Accepted Paper:

Pathways and constraints on the mobility of Arabic-speaking communicators in a humanitarian agency   


Maria Rosa Garrido (University of Fribourg)

Paper short abstract:

This paper looks into the mobility constraints and the resulting pathways for Arabic-speaking communicators in an international humanitarian agency. It ethnographically defines a complex mobility regime emerging out of linguistic requirements and aceptable “neutral” nationalities.

Paper long abstract:

The goal of this presentation is to understand the complex mobility regime that regulates Arabic-speaking mobile staff at the International Committee of the Red Cross (ICRC). These humanitarians' pathways are shaped by institutional (linguistic) requirements combined with national constraints on international organisations. My study specifically looks into Arabic-speaking communicators' allocation to delegations and their mobile trajectories in the ICRC's Communication Pool. Methodologically, it draws on a historiographic approach to institutional archives complemented by ethnographic interviews with (former) mobile communicators in Arabic language.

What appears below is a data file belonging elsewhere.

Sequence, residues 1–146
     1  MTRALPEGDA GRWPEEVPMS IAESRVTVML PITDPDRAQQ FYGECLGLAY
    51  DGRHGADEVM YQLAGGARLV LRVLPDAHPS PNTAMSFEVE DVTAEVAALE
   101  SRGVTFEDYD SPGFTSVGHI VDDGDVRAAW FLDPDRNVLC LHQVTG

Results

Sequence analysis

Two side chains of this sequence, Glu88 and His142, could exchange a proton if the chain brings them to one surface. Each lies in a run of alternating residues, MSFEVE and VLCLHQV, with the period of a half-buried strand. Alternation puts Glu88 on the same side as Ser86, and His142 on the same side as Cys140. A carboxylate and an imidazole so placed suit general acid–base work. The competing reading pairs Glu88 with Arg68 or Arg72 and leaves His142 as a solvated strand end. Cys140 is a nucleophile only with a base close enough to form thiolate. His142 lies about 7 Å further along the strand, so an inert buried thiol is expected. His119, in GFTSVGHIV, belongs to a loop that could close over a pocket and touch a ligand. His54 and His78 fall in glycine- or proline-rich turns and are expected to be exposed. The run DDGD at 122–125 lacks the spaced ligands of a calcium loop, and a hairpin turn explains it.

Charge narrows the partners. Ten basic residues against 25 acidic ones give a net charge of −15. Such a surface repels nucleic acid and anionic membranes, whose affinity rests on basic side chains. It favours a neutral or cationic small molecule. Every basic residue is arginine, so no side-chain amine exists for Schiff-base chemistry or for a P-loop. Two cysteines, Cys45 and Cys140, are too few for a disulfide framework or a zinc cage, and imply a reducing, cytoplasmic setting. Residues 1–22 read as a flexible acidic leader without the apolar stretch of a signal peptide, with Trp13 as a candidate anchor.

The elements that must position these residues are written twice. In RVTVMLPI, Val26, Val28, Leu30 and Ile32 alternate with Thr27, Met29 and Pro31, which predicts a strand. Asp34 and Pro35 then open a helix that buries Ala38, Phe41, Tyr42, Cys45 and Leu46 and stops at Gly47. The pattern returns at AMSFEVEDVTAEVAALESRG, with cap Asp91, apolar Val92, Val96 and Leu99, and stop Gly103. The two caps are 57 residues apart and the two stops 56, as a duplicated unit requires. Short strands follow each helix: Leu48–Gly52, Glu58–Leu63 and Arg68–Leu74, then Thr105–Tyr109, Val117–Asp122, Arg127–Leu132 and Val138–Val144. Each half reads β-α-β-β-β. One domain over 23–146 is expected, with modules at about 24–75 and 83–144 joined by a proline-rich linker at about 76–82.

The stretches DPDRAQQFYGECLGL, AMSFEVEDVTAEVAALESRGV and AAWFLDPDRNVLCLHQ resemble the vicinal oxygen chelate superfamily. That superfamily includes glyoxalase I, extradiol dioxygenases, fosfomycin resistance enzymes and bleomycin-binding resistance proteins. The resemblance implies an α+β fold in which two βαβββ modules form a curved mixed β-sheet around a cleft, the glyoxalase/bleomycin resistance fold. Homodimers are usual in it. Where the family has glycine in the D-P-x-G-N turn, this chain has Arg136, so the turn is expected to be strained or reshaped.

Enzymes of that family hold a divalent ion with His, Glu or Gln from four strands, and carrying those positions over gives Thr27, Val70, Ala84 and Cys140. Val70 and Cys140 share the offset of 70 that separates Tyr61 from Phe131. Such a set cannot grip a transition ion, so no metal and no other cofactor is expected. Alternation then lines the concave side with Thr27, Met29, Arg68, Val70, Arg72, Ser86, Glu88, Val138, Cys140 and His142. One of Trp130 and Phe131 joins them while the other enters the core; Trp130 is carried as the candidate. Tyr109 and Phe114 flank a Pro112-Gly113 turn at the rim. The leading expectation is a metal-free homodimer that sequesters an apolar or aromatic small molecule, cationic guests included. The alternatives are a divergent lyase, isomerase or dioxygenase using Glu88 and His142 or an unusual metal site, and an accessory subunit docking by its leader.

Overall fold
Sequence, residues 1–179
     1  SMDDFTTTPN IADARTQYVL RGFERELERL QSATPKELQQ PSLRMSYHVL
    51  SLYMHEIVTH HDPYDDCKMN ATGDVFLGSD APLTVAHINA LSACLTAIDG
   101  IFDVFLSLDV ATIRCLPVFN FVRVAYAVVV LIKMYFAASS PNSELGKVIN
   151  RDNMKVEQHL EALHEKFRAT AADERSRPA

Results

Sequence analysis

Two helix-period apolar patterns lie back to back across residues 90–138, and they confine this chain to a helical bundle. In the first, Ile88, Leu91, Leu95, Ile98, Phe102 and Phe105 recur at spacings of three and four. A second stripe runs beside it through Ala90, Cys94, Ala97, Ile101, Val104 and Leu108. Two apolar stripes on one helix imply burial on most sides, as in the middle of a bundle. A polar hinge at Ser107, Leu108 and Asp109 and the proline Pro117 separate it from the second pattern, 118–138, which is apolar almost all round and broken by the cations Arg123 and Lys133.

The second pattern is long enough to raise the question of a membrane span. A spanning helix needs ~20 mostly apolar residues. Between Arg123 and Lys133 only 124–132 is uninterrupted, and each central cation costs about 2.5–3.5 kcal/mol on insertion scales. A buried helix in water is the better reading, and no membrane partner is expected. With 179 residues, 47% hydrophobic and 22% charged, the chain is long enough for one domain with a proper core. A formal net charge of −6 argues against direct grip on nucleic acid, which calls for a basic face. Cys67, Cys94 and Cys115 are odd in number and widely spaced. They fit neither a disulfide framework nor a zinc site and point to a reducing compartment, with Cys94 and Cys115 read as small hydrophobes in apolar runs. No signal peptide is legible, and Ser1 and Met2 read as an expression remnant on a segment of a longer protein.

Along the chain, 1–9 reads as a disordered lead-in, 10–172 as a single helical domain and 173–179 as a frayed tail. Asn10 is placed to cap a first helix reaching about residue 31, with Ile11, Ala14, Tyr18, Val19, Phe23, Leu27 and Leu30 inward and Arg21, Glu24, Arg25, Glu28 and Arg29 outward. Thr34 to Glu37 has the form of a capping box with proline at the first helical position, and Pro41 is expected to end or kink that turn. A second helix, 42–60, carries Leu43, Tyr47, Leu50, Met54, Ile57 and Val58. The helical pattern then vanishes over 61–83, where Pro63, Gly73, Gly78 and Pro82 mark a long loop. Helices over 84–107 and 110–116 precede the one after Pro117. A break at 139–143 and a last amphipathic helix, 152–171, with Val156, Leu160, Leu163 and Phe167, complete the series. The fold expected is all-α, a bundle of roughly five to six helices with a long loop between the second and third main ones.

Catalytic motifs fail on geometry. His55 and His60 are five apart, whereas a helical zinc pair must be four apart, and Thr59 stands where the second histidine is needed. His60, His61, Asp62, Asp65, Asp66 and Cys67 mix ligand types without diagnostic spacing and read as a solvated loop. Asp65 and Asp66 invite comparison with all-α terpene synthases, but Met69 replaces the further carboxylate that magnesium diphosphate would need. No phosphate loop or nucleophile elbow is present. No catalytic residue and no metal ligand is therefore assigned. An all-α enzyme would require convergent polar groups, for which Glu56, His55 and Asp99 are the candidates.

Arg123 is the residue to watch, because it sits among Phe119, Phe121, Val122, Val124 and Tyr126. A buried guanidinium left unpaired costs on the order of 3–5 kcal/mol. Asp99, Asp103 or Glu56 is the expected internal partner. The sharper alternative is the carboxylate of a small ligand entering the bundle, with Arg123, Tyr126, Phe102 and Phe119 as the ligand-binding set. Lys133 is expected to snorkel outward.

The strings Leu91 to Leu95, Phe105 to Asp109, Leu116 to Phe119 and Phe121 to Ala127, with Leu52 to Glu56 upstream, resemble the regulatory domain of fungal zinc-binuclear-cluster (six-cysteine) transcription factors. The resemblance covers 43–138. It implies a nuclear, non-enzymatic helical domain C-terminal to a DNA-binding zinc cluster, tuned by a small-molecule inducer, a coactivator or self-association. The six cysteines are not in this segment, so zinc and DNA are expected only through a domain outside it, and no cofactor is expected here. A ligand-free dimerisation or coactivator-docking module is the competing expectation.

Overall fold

The mobility of humanitarian workers is subject to regulatory processes mediated by not only language ideologies that valorise and test their linguistic competences as technical skills but also nationality categories that allow/deny them access to the operations by national authorities. Allocating these mobile workers to 80 ICRC delegations worldwide is a "puzzle" of nationalities and linguistic repertoires. Mobile communicators are institutionally required to speak English and two other working languages, with Arabic being sought-after. The value and shortage of Arabic speakers might have influenced their repeated assignment to "hardship posts" (e.g. Iraq or Syria) with strict security measures. Consequently, their mobile trajectories have had an impact on their higher turnover. Besides, mobile staff cannot work in the countries of which they are nationals in the interests of "neutrality". Furthermore, the history of wars and alliances makes certain foreign nationalities unacceptable for belligerents. The intersection between the dimensions of language and nationality explains the current shortage of Arabophones whose nationality is accepted to enter Syria for ICRC humanitarian work.

Panel RM-LL06
Speakers on the move: displacement, surveillance and engagement [IUAES Commission of Linguistic Anthropology]